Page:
Wednesday, 7 November 2012

Mythic Beings From Another World

I have owned this photograph since 1962; it is roughly 14cm x 85cm in size.  Quite a few will have been printed, but I doubt many will have survived the last 50 years intact.  It shows the entire staff and pupil complement of Peartree Spring junior school, Stevenage, at the end of the academic year I joined the school, 1961/62.  Not to mention the caretaker, Mr. Jarvis, and his alsatian dog.

I remember that summer well.  There were refurbishments happening in several classrooms, so we had lessons and sat our end-of-year exams in a marquee on the playing field, with grass beneath our feet, hot sunlight filtered through white canvas, and the gentle clucking of bantam hens outside.  Those were the first exams we had ever sat  -- I still recall the light-blue type and shiny paper of the duplicated question sheets -- and just as some children feel the bounce of a ball or the heft of a bat and realise their destiny, I knew this was something I could do well.  Though to go from that humble tent to the Examination Schools at Oxford University was, in the end, an ambition pretty much on a par with getting a trial for Arsenal.

I recently scanned the photograph for another ex-Peartree pupil, and found that a lot more detail could be extracted than was visible to the unaided eye.  The picture must have been made onto a huge negative with a proper rotating panoramic camera, and printed -- probably contact-printed -- using a rig that could include the school's name and the date. Compared to the class photographs my children brought home from school each year -- mere colour snaps, with half the kids squinting or with eyes shut -- it is a masterpiece of assured, special-occasion photography.  The image is proudly signed by the specialist firm Ray Studios, all the way from Braintree in Essex.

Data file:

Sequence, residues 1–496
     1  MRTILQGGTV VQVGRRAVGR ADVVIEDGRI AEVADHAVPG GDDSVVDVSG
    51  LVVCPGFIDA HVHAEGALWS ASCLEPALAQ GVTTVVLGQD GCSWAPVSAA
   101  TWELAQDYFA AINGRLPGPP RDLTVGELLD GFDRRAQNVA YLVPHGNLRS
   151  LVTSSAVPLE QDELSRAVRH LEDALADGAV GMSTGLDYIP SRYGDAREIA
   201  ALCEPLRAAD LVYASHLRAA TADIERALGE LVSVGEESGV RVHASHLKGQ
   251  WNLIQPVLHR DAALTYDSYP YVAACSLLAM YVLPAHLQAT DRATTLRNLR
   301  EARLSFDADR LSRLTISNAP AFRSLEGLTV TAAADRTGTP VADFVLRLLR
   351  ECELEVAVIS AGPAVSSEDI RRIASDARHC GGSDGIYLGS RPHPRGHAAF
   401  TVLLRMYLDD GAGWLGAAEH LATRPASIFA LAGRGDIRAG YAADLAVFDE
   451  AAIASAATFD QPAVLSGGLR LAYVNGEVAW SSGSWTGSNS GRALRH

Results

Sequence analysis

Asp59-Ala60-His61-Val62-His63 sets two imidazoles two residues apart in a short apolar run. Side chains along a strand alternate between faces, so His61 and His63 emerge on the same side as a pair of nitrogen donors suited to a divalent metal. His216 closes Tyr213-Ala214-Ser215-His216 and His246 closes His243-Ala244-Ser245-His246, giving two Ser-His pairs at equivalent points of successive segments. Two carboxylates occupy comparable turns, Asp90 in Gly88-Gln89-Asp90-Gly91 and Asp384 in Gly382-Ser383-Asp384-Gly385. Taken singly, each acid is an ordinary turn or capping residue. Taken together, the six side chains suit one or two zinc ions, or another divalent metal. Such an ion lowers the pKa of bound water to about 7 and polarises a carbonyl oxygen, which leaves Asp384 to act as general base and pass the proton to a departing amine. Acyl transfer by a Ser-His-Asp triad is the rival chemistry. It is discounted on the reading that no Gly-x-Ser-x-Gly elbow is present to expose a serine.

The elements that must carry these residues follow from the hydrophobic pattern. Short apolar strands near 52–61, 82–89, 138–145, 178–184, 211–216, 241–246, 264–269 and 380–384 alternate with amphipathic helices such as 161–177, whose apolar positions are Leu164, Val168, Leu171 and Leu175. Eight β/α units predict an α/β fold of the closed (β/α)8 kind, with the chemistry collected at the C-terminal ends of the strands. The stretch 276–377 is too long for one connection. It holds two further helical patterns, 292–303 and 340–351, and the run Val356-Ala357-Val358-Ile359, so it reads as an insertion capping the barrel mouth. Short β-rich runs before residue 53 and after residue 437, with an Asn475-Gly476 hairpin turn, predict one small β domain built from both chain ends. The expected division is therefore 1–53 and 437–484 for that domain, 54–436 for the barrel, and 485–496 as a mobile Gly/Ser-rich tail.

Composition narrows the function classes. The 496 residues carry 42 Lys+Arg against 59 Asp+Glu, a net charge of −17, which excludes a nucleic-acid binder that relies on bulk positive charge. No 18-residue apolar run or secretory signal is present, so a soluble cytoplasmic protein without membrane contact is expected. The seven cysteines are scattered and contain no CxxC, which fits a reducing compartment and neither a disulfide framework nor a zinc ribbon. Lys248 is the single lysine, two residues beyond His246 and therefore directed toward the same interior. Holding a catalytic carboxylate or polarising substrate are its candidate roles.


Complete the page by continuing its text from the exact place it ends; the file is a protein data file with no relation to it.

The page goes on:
It is remarkable, the way the photographer has engaged an entire school's attention and created a "moment".  Notoriously, such cameras scan across a large linear group like this at a sufficiently slow speed that, if you are minded to, you can run round the back and appear at both ends of the final image.  That may, of course, explain why Mr. Jarvis is standing with his dog at the extreme right.  Somehow, every child has been persuaded to offer a characteristic expression to the lens at just the right moment.

It's the faces, of course, that engage your attention.  1962 is a long time ago, now.  These are faces from another world, a very interesting experimental world, but one which I have described often enough before (for example, here, and here).  Boys were leaner, their ears seemed much larger and more prominent; girls were dressed with far less attention to fashion, their hair was cut into practical, rather middle-aged styles.  These are, almost without exception, the children of the aspiring working classes, moved en masse from those parts of London devastated by the War, seeking a new life and a fair deal away from the slums.  I remember a lot of Irish surnames, too: the children of the labourers who came to build a new town on a green-field site, and who decided to stay.